What about you? What fall-ish things are you doing right now?
EDITED TO ADD: The salsa recipe, as requested.
Now, before I tell you the recipe, I will warn you that I don’t measure everything, and I adjust amounts to taste or texture. Also, I make it in the biggest pot I have in order to fill the most jars in the least amount of time. I call this Lazy Salsa because it is less labor intensive than most recipes since I don’t seed the tomatoes and everything is thrown into the food processor (in small batches of course) because my kids will only eat all of the salsa if it’s smooth. Not being a fan of wasting, I smooth it all out for them.
LAZY SALSA Makes about 8 quarts
about 15 very large tomatoes (or however many you need to fill the pot about 3/4 full)
5-7 hot peppers, any kind*
3-4 med/large onions**
1/2 – 1 cup cilantro (depending on your feelings about cilantro, you can also leave it out if you’re opposed)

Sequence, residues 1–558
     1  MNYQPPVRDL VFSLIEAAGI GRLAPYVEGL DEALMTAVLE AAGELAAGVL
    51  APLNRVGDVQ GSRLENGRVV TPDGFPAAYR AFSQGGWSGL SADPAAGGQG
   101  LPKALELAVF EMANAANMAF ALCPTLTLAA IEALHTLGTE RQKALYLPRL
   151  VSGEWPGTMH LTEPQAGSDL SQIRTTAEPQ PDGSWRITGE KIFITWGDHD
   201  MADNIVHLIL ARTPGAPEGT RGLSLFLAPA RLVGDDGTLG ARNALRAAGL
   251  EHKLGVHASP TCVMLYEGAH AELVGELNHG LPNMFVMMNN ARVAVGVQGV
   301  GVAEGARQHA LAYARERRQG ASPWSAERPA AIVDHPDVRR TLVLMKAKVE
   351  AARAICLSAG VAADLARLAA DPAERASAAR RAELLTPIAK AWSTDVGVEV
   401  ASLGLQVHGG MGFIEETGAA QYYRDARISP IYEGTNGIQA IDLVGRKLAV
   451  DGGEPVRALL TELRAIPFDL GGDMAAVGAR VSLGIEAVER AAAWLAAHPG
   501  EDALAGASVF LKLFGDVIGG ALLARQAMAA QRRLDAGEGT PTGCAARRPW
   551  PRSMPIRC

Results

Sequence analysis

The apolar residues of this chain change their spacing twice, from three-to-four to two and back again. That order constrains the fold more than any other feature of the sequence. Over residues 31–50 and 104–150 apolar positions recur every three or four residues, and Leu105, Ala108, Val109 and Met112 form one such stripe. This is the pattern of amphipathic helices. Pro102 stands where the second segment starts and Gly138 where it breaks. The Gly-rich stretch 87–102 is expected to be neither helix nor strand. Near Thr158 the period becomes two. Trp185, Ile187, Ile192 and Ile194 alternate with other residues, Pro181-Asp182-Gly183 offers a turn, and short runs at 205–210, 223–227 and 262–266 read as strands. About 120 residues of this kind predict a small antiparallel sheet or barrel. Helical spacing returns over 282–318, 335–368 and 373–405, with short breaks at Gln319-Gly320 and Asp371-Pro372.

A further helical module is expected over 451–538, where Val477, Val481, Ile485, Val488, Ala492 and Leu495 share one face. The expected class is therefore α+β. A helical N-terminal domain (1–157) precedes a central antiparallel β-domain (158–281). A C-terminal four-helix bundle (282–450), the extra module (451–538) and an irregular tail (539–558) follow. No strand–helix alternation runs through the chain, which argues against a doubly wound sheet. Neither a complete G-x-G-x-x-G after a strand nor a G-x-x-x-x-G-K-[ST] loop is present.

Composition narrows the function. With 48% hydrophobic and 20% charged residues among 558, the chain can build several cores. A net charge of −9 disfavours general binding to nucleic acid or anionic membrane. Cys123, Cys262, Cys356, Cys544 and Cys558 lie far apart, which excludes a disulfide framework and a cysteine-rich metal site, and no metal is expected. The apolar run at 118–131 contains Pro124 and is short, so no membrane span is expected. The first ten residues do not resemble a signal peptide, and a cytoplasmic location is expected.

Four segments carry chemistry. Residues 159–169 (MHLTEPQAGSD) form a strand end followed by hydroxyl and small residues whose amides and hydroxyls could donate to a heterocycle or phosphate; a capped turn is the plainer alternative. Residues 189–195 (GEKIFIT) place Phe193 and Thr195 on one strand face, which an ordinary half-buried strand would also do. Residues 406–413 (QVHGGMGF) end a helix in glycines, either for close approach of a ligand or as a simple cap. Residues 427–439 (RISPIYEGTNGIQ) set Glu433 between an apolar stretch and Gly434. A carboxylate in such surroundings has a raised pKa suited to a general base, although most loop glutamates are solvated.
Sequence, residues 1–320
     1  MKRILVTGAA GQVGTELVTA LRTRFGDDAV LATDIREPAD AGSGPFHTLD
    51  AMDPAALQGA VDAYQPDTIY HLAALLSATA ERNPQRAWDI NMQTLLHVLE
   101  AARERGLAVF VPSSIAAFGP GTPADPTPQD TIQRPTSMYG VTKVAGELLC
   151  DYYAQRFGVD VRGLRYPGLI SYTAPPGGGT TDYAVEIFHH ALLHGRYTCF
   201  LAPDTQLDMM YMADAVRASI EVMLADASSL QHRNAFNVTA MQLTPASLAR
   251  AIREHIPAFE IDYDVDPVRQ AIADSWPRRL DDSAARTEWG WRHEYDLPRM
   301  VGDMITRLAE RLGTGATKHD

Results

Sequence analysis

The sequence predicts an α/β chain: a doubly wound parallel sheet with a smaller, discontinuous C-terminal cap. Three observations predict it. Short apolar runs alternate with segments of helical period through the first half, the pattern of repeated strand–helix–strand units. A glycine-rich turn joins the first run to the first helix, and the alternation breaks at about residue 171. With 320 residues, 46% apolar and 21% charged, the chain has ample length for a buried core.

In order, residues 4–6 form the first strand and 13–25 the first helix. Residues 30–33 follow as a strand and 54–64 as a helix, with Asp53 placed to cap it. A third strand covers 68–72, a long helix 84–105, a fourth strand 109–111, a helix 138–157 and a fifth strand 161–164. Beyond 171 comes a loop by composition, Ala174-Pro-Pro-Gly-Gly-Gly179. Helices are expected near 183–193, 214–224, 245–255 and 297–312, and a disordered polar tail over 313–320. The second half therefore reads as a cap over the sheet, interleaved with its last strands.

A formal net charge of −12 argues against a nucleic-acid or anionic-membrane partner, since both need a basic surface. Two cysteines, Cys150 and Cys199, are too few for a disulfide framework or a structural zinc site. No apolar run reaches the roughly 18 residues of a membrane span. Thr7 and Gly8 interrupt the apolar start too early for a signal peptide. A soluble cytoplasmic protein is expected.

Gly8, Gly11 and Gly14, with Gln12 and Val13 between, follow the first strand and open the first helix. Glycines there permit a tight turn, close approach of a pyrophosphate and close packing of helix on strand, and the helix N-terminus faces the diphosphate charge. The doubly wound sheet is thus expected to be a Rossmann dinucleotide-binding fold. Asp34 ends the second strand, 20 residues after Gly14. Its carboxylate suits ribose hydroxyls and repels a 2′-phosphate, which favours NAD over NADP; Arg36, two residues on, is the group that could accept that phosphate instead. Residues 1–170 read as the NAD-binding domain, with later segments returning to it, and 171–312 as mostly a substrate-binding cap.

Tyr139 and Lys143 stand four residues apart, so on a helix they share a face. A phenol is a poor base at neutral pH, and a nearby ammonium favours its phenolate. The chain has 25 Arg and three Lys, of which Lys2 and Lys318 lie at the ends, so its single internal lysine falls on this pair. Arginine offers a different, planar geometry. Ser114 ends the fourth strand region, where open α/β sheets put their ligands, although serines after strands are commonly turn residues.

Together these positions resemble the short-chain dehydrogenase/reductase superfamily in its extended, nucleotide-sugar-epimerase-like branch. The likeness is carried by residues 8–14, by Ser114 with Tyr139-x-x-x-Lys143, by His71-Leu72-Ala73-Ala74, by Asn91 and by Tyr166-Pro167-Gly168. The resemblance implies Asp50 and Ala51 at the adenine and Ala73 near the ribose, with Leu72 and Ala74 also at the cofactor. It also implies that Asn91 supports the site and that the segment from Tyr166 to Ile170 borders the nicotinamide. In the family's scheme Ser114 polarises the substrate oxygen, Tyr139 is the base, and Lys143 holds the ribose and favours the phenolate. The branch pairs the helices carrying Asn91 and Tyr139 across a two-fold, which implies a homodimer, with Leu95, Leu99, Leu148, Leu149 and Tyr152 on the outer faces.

5-10 cloves garlic (depending how garlicky you want it–you can also leave it out if garlic is unkind to you)
1 c. apple cider vinegar
2 12-oz cans tomato paste (I like thick salsa, you can make it thinner by using less paste)
salt to taste
fresh ground pepper to taste
*Use enough hot peppers that the salsa is hotter than you’d normally like it–and this takes a taste test–because the spice will mellow after about 3 weeks. So if you get it just right when you cook the salsa, you’ll be disappointed at how not spicy it is when you’re using it weeks or months later. I know. From experience. If I don’t have enough hot peppers on hand to spice it up, then I’ll add some cayenne from the spice rack to make up for it.
**If you use sweet onions, like Vidalia, you’ll have a sweet salsa. I also know this from experience. Not being a fan of sweet salsa, I don’t use them anymore for this recipe. But just so you know, if you want a little added sweetness use Vidalia or the like. No sugar necessary.
1. Wash and core tomatoes. (Leave the seeds in, it’s too much work to seed them too, and why not use it? It makes yummy salsa. And more of it with fewer tomatoes. Win!) Run them through the food processor or blender until smooth, and pour into very large pot (like 8 or 9 qt pot). If you’d prefer chunky salsa, chop them by hand (too much work!), or just pulse in food processor until chunky.